OAKLAND — Regional School Unit 18’s budget for the upcoming year sailed through the district hearing with close to no opposition.

The hearing was held Thursday evening at the Messalonskee High School Performing Arts Center. About 40 residents from the five towns included in RSU 18 — Belgrade, China, Oakland, Rome and Sidney — turned out to voice their opinions on the $38,655,455.75 figure, up 2.86% from this school year’s sum.

District voters ultimately will approve or reject the budget in a June 11 referendum.

Nineteen articles on the warrant passed almost unanimously, with disagreement expressed on just two points. One person voted against allocating $5.3 million to special education. In a secret ballot, two voters rejected a proposal to raise and appropriate nearly $6.7 million more in local funds than suggested by the state’s Essential Programs and Services model. Thirty-five supported the idea.

“This model does not fully cover the costs of regular classroom instruction, special education instruction, extracurricular and co-curricular student activities, district administration and leadership, student transportation and school technology,” Moderator Bob Nutting, who is also an Oakland town councilor, read aloud Thursday evening.

Residents vote on a warrant article at the Regional School Unit 18 district budget hearing Thursday evening at the Messalonskee High School Performing Arts Center in Oakland. Morning Sentinel photo by Meg Robbins

The only article that received any comment from the audience was the 19th and final one, which would authorize the formation of the Kennebec Alliance Regional Service Center. That comment was: “What is it?”


“We’ve belonged to the Kennebec Alliance for decades,” Superintendent Carl Gartley explained. “As of two years ago, there was new legislation that if schools don’t belong to a regional service center, they risk losing a subsidy in a administration line, which we have lost. This year for us it was in the neighborhood of a little over $100,000. The statute wants schools to partner with other local school districts to try to save money by collaboration. We’ve done that for years, but our organization at the time did not meet the letter of the law for this collaboration. So this change is just the same thing we already have. … We’re just jumping through some hoops and making it a service center. It will allow us to regain that subsidy.”

The article ultimately passed unanimously.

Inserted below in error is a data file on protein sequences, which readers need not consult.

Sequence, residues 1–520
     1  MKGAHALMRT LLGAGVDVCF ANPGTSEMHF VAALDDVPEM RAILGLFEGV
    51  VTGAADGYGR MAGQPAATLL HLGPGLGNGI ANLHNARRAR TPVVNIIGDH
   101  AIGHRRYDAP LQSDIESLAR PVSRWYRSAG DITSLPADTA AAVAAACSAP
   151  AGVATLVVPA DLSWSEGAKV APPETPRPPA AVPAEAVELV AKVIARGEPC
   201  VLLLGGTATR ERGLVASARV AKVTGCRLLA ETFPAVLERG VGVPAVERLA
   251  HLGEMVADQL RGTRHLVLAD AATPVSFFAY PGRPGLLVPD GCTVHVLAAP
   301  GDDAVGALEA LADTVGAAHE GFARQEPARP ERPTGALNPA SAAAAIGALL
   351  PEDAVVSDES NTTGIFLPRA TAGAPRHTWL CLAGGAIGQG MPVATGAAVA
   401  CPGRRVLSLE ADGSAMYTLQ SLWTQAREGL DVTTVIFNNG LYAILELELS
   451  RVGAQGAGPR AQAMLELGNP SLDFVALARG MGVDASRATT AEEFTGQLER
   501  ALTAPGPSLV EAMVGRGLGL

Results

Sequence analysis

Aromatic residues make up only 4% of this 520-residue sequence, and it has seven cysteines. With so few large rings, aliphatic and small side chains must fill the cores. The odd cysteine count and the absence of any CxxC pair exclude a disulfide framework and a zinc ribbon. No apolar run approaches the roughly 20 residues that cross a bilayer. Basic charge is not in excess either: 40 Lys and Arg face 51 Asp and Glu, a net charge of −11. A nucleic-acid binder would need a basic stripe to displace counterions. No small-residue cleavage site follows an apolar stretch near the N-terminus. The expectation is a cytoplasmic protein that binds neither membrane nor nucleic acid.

Nearly three-quarters of the RSU 18 budget — about $28.8 million — is used for salaries and insurance coverage for the district’s employees. The district is looking at a 2.21% increase in this area, which Gartley has attributed mostly to increases in health insurance cost.

Close to 5.9% of the overall budget, or $2,265,904.47, will go toward debt service, including paying off the $13.9 million bond voters approved in 2017 for facilities upgrades and the construction of a new athletic complex at Messalonskee High School.

Departments that are looking at the biggest increases from the current school year’s budget include regular instruction, special education and transportation. Gartley said the district needed to spend money to accommodate additional high schoolers, as the current eighth-grade class is larger than the graduating senior class. Special education funds “are skyrocketing around the state,” Gartley told the Morning Sentinel last week. The district also plans to replace three school buses instead of two this year, which is a result of timing of the leases, according to Gartley.

Proportionally, Rome will get the largest tax increase, at $71.07 more than this year per $100,000 of assessed home value; with Sidney ($70.16), China ($59.11), Oakland ($59.11) and Belgrade ($24.93) following.


While Gartley noted that Belgrade “made out the best” this year with the proportional increases, the town will fund the largest overall share of the RSU 18 budget — nearly $6.5 million, or 16.72% — if it passes in June. This is primarily a result of the high state valuation of the municipality, which borders the most lakes and ponds in the district and is home to many vacation residences. Oakland would finance 15.8% of the budget; China, 13.03%; Sidney, 11.31%; and Rome, 5.49%.

Funding is divided among the five RSU 18 municipalities in several stages. The state calculates what each town should raise for Essential Programs and Services based on its valuation, overall population and a number of other factors, Gartley noted. The state subsidy — $13.6 million this year — is applied and local debt is shared among the towns. The remainder of the budget is divided using a cost-sharing formula. The formula is 75% based on the municipality’s valuation and 25% based on the number of students it enrolls in an RSU 18 school, according to a memo on Rome’s town website from its school board representative, Andy Cook.

School board Chairman Jim Isgro, of Sidney, noted that “a lot (of the budget) has to do with the state,” rather than the school district. Increases, while not always desirable, can reflect positive changes, such as more people moving to RSU 18 towns for the quality of education, as Isgro suggested. Sidney’s town assessment rose 7% this year, reflecting more houses being built within its borders.

“We have a lot of new building here, and that’s great to see. Young families are populating the school district, and I’d like to think that a lot of families come to this area specifically because of the school district,” Isgro told the Morning Sentinel last week. “We used to know that to be true. I was on the board in the late 1990s and early 2000s, and a lot of folks used to tell us that.”

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